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31 December 2009 Surface damage of thin AlN films with increased oxygen content by nanosecond and femtosecond laser pulses
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AlN films deposited on sapphire substrates were damaged by single UV nanosecond (at 248 nm) and IR femtosecond (at 775 nm) laser pulses in air at normal pressure. The films had high (27-35 atomic %) concentration of oxygen introduced into thin surface layer (5-10 nm thickness). We measured damage threshold and studied morphology of the damage sites with atomic force and Nomarski optical microscopes with the objective to determine a correlation between damage processes and oxygen content. The damage produced by nanosecond pulses was accompanied by significant thermal effects with evident signatures of melting, chemical modification of the film surface, and specific redistribution of micro-defect rings around the damage spots. The nanosecond-damage threshold exhibited pronounced increase with increase of the oxygen content. In contrast to that, the femtosecond pulses produced damage without any signs of thermal, thermo-mechanical or chemical effects. No correlation between femtosecond-damage threshold and oxygen content as well as presence of defects within the laser-damage spot was found. We discuss the influence of the oxygen contamination on film properties and related mechanisms responsible for the specific damage effects and morphology of the damage sites observed in the experiments.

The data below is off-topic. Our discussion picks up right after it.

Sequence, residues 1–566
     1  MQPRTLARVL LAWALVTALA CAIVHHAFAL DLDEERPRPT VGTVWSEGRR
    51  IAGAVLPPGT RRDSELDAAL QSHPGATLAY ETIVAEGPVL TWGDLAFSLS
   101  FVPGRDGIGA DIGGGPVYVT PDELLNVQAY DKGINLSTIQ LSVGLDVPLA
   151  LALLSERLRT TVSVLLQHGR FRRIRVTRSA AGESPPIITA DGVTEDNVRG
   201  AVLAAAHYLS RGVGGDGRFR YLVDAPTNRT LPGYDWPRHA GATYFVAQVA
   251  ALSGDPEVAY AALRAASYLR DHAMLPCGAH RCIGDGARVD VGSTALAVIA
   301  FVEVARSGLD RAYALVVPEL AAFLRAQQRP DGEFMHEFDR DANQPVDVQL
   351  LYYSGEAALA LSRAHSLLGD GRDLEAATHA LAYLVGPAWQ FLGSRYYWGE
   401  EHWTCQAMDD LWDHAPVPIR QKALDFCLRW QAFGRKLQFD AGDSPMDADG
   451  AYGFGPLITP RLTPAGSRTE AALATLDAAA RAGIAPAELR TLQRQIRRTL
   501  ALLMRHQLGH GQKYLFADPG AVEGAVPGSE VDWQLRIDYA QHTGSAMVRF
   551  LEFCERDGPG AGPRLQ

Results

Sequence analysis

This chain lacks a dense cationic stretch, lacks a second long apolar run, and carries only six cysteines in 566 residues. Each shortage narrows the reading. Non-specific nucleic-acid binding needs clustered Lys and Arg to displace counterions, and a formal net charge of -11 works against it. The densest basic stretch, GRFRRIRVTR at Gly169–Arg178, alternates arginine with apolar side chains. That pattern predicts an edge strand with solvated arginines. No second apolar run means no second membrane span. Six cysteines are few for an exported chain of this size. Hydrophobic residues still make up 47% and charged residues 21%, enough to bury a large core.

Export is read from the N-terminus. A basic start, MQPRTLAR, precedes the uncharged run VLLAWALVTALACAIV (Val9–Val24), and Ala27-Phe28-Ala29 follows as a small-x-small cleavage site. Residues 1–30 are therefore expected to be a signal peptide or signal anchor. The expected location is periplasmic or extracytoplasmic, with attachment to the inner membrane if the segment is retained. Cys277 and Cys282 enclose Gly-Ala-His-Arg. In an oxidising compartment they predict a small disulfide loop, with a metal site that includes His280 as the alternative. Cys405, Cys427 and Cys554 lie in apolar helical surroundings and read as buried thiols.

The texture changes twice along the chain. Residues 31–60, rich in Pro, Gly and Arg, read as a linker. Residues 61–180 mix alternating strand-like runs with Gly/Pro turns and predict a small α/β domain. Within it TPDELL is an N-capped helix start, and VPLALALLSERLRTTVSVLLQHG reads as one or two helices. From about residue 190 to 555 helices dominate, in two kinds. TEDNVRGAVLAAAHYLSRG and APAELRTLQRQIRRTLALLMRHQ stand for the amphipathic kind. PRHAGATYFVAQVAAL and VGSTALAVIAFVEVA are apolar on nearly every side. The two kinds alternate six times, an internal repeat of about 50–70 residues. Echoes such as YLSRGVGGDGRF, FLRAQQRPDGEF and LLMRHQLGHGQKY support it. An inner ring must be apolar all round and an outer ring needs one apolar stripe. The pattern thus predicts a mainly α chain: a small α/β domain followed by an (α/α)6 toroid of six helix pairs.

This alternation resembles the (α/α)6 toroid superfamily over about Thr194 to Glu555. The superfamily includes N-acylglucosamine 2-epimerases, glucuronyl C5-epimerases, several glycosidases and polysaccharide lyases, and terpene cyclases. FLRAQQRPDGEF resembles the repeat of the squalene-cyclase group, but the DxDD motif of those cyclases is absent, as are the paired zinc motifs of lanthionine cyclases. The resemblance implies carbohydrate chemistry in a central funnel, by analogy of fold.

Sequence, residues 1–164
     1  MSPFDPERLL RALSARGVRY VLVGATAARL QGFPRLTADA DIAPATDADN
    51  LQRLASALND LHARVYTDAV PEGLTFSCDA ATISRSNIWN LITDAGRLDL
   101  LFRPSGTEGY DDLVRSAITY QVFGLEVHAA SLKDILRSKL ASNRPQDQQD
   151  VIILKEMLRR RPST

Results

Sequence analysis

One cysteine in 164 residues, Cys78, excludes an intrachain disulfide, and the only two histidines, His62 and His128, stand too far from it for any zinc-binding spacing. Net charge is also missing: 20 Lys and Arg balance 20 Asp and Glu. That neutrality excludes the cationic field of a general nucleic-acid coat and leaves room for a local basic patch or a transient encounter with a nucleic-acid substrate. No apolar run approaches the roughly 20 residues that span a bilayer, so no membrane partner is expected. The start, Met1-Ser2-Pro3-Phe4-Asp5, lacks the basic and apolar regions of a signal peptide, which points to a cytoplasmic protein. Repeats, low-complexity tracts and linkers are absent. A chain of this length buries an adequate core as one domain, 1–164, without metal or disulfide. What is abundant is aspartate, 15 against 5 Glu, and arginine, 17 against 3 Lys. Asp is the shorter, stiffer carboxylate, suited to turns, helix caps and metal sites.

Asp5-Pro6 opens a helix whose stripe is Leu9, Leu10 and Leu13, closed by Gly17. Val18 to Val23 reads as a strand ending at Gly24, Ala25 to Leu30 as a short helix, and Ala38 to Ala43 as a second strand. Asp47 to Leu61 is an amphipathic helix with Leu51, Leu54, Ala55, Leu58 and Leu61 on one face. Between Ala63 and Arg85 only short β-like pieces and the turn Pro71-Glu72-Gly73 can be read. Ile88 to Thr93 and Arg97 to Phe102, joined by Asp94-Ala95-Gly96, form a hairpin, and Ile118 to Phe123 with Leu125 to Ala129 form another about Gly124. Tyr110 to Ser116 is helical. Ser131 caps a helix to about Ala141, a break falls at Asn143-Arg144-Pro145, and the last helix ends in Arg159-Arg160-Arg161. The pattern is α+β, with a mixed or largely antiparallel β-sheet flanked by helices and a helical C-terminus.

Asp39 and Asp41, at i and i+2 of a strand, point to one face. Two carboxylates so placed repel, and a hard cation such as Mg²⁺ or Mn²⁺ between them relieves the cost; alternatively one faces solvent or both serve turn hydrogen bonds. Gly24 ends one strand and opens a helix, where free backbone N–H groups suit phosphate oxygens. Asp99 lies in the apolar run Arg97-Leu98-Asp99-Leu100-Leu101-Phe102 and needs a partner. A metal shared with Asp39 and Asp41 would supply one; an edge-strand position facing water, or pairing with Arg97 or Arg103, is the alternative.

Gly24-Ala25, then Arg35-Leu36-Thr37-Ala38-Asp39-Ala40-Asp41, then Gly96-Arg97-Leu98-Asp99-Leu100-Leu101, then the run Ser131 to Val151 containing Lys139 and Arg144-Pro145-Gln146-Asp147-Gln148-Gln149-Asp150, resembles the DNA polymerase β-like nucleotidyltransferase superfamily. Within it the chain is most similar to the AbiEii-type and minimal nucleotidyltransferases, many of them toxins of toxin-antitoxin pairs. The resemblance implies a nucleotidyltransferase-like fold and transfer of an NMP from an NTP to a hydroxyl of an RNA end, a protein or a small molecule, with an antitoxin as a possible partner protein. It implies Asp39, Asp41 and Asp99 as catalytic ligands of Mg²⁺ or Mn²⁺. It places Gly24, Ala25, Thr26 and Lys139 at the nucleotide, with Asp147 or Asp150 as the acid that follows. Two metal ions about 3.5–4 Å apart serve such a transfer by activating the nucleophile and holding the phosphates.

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Vitaly Gruzdev, Ildar Salakhutdinov, J. K. Chen, Yuriy Danylyuk, Erik McCullen, and Gregory Auner "Surface damage of thin AlN films with increased oxygen content by nanosecond and femtosecond laser pulses", Proc. SPIE 7504, Laser-Induced Damage in Optical Materials: 2009, 750404 (31 December 2009);

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